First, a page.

An Open Letter to David Cameron (Cuts to the Arts)

29/06/2015 15:53 BST | Updated 26/06/2016 10:59 BST


Dear David Cameron

There was once a point, which seems many moons ago as I write this letter, that I could say I respected you.

When you first become the leader of the Conservatives in 2005, you stood out from the mundane leaders who appeared to be a normality in the Houses of Parliament.

You spoke up when other's were too timid to say how they felt. You were articulate and well mannered. You often said what other people thought. But most importantly, you understood some of the hardships that life often throws at us due to your own personal adversities.

Yet, since you came into power in 2010, my respect for you has somewhat dwindled. I see a man who no longer cares for the people he says he speaks for. I just see a man driven by his own ambitions and personal gain.


It wasn't something you asked for. We don't choose the life we are born to. You were born to privilege and wealth, the offspring of a stock broker and former Justice of Peace, and you would never want for anything. You were granted a life that many people could only dream of being able to give their children.

As I have stated, this is not an issue. We all know that if given the opportunity for such a lifestyle we would take it no questions asked. Parents only want the best for their children after all.

Due to your hierarchy, you received a quality education that allowed you to speak eloquently, giving you a platform in which to project your voice and be listened to by others, a privilege that many vulnerable and less fortunate members of society do not have.

Your education consisted of highly prestigious private schools. You were enroled at the well known Eton college before obtaining a degree at the Brasenose College, Oxford, in the academic subjects of Philosophy, Politics and Economics.

I can't begin to imagine how much money was invested into your education. But it was all worth it in the end as you were to become the youngest prime minister in history.

Academically you excelled. No amount of money in the world could have made you intelligent if you didn't have the brain to start with. There is no denying your intelligence. No one could take that away by stating that you only got that degree because of your background.

But it's the harsh reality of the situation that you were given a step up to that outcome. A farmer cannot sow the fields if he has not been given the right tools to do so.


Many people in the UK have not been given the tools to achieve their potential. Whether they were failed by the education system or were born to pursue very different skills, they are not considered academic.

I myself was not necessarily academic within my school years. Tests were not my favourite and I was always quite confused as to how a years worth of learning can be crammed into an hours worth of exam. Teachers did little to push me or see my potential. I was amazing at English but almost every other subject I feel short in. It's not that I didn't want to learn. I just felt unmotivated. I had not really found my path. I was a little lost and like most young people, was made to feel as though I had failed.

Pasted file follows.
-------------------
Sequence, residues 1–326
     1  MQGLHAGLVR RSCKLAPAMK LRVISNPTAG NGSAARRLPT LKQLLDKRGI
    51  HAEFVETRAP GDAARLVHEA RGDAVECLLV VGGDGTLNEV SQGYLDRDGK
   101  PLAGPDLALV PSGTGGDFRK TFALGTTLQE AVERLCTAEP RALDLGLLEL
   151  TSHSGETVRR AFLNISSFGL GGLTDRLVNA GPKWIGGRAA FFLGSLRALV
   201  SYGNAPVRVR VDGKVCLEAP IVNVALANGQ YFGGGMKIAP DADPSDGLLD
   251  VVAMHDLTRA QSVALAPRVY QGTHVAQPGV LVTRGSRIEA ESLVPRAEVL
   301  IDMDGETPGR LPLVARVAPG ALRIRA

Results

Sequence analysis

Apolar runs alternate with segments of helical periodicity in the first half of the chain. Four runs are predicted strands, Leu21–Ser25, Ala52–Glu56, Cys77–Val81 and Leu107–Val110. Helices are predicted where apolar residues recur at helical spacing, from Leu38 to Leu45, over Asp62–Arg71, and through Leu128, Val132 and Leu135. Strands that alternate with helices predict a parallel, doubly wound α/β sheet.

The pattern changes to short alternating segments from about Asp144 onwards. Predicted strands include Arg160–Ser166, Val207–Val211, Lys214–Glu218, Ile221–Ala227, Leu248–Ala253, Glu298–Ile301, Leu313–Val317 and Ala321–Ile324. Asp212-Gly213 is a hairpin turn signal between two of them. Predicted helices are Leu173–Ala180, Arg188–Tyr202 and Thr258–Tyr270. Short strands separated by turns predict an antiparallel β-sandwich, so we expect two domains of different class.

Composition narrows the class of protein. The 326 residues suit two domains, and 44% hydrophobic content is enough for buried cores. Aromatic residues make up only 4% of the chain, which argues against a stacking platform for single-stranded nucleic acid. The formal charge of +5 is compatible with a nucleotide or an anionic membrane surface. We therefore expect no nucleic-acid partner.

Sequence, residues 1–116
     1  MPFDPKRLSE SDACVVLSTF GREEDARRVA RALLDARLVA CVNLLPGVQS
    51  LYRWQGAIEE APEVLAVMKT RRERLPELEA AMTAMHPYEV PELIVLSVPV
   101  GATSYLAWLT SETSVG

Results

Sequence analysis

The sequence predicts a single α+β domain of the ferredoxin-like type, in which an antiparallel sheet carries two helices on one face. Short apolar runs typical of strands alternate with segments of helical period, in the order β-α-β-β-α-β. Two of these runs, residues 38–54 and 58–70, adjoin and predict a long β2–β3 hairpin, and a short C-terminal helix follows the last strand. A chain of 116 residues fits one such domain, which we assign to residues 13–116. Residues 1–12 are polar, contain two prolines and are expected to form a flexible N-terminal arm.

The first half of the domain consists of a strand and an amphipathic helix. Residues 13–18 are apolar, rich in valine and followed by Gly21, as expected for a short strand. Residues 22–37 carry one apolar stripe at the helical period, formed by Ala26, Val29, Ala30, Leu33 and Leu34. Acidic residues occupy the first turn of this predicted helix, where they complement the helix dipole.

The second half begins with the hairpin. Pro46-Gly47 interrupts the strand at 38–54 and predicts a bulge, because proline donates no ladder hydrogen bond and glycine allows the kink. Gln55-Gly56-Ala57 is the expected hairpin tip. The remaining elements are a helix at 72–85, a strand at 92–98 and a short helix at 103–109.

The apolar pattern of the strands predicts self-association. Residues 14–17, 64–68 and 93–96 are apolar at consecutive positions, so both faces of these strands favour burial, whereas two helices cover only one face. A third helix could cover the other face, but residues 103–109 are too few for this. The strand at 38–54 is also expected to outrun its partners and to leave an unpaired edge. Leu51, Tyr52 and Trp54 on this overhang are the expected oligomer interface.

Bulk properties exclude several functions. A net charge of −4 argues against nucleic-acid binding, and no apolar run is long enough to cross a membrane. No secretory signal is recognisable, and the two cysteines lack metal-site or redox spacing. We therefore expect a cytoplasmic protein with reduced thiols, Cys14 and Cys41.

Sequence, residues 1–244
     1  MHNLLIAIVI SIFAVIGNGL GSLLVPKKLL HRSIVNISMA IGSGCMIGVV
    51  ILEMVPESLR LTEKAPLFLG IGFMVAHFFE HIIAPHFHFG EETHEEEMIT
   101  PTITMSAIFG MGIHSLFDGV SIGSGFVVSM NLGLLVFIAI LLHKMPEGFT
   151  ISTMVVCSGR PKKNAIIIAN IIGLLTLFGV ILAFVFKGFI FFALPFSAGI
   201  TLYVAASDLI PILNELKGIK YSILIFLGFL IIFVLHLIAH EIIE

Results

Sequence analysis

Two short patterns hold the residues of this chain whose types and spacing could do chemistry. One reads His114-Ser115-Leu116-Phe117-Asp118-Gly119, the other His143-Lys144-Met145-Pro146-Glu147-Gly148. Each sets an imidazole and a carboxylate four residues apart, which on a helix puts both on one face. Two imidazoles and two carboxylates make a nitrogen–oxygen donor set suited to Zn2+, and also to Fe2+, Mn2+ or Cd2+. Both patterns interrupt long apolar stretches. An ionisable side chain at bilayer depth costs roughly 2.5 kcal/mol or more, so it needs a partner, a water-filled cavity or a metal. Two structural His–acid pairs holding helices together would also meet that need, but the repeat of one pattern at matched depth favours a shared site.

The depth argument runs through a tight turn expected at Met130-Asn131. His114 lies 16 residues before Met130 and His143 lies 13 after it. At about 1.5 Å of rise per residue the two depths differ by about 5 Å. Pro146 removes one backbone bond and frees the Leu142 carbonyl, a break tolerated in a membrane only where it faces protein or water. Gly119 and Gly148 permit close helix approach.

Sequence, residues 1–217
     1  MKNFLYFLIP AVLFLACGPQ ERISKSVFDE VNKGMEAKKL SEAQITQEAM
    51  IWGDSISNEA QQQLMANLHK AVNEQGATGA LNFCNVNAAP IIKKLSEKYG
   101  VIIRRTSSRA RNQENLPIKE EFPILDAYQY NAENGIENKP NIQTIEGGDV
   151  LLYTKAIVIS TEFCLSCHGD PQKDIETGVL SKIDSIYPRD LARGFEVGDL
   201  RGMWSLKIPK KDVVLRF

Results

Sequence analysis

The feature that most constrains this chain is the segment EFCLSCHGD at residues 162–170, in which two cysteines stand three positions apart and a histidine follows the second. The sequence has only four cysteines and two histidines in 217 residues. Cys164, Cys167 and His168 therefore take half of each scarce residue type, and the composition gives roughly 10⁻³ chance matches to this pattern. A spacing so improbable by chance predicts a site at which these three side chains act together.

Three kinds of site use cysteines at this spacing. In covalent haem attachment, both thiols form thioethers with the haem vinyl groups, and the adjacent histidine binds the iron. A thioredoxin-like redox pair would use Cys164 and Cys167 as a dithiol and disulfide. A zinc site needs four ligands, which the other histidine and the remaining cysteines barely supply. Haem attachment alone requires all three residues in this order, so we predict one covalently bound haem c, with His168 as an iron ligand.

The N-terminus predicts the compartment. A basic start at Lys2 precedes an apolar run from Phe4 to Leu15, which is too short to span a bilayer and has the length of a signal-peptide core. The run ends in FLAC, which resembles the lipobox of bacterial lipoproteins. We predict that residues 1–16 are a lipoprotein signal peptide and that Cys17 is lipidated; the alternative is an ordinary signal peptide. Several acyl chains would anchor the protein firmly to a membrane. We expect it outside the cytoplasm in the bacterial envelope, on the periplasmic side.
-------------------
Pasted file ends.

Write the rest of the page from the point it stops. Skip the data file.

It wasn't until I took the decision to attend a college that I really found where my talents laid.

I enroled on a Creative Media course back in 2011. Initially, I was drawn to it due to my interest in Journalism, but I soon saw that this was the industry I was meant for. For the first time in my life, I was encouraged and motivated. I had teachers who saw my potential and inspired me to reach my goals. It was rather funny as I later found out that the majority of my mum's side of the family worked in the media industry some way or another. It was obviously a calling.

If I had not had that opportunity to go to college and study media, I would have never guessed what potential I had. My creativity would have been stunted. I would have felt like a lot of young people feel nowadays, hopeless.

I wasn't as academic as you David. But I found my vocation.

Sadly, you are slowly taking away that opportunity for young people and adults across the country, destroying ambitions and leaving people confused as to where they belong.


Your Government have already started the ball rolling of what will become one of the worst decision you have ever made.

You've made cuts to the Fashion Design Department of my local college, Central Beds. There have also been cuts to the same department in Barnfield College. Rumour has it there will also be cuts to the Performing Arts, a devastating blow to both tutors and students.

You say you want to continue to bring down youth unemployment. This only shows that you are moving backwards. You've taken away the options of young people. Young people who are looking to take different paths away from more academic studies will be left disheartened. Jobs within creative arts will start to dwindle or become more elite. Those less wealthy won't have the chance to obtain placements or interns in creative industries if they do not have the qualification.

You were lucky enough to have many things handed to you on a plate David. You do not know the struggle of trying to find where you fit in or feeling like a misfit in a society where you 'should' know where you want to be in 5 years time.

Please think about the choices you are making.

Don't leave young people across the UK lost and uncertain of their future.

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